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Alumni Spotlight - Kenny Ducey '11

Name: Kenny Ducey

Hometown: Ridgefield, CT

Graduation Year: 2011

Where are you now? I'm living in Park Slope, Brooklyn

What are you doing? I'm a staff writer at Sports Illustrated, covering baseball, basketball and off-beat stories. I also call some Fordham basketball games on the Atlantic 10 Digital Network, run a Yankees website for Baseball Prospectus and freelance as a radio reporter at various sporting events in the city.

What is your favorite Wooster memory? Crazy as it sounds, it might be playing goalie in a soccer match against Harvey. We were down four goalies to various injuries and Coach Levy, who also coached me in baseball at the time, figured my skills as a shortstop might translate in goal. So Jay Sturgeon taught me how to play goalie in two days, and I started in goal three days later. I was literally a fifth-string goalie, and I didn't do awfully, though we lost 2–0.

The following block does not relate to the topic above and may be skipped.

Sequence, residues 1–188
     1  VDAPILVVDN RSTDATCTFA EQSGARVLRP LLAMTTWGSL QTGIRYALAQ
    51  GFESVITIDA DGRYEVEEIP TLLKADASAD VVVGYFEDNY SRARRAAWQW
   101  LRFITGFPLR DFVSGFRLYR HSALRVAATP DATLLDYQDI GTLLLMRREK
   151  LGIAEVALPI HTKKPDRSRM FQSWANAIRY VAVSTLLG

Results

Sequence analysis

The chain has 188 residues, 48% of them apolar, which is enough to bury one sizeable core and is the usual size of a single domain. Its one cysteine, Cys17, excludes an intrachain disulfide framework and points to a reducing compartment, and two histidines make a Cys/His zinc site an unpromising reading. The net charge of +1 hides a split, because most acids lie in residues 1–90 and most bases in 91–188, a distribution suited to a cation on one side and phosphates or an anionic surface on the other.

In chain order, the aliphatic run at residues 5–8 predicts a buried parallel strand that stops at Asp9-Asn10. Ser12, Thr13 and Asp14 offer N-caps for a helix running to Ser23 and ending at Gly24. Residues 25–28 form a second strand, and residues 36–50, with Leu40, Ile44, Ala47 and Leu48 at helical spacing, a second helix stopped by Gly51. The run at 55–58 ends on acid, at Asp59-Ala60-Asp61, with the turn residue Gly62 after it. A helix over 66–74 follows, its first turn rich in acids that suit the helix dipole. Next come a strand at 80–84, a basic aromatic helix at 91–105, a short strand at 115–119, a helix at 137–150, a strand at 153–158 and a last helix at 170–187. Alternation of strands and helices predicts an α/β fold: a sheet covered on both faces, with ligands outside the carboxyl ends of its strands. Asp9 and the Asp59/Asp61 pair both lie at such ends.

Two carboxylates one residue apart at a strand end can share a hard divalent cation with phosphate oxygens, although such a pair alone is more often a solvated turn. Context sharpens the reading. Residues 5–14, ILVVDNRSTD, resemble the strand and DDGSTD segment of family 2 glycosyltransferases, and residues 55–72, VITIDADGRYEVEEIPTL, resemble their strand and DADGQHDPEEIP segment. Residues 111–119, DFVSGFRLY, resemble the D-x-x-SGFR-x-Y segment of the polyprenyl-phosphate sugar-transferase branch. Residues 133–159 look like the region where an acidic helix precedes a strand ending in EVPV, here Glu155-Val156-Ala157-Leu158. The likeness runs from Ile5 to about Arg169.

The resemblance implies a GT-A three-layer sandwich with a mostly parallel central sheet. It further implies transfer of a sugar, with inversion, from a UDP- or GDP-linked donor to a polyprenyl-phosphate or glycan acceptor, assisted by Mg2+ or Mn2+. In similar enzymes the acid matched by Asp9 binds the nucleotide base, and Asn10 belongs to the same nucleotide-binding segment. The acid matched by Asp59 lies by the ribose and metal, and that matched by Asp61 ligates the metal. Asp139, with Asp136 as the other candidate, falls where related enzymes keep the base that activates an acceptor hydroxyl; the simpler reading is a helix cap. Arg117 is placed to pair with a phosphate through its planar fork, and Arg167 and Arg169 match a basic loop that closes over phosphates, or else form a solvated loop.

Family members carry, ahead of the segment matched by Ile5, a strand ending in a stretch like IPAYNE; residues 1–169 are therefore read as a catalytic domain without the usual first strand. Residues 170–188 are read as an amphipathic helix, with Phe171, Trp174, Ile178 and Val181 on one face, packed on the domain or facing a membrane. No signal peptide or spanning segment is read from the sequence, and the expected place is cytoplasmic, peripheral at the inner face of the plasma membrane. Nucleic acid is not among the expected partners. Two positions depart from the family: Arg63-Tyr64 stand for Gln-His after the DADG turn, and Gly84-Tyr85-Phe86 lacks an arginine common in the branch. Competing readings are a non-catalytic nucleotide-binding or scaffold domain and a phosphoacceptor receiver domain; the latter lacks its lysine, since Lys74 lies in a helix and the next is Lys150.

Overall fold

I think it was a microcosm of the school as a whole, it gave me the opportunity to try a lot of new things, start clubs, stuff like that. I enjoyed having the chance to branch out. And I frequently use that as a fun-fact about myself, because I'm not quite sure any other school has ever had to resort to a fifth-string player at any position on a Varsity team. But Wooster's not just any other school.

What impact did your Wooster education have on you? I think I first learned how to really write while I was there, which given my profession was valuable. My learning also spanned a wide variety of subjects; I took a class on religion and public policy, read Roshomon and made bowls from clay. I also picked up life skills—being a job captain, for example, taught me about responsibility and working with people. I spoke in Chapel on a few occasions, becoming comfortable with public speaking. I think it was a much different experience than I would have gotten at public school.

What advice would you like to share with current Wooster students? Listen. Absorb all you can, because there's no time quite like high school. You'll learn a lot about the outside world, and also about yourself. When I first got to Wooster, in seventh grade, I wouldn't shut up. By the time I graduated, I was still very outgoing, but I was much better at hearing and challenged myself to think differently.

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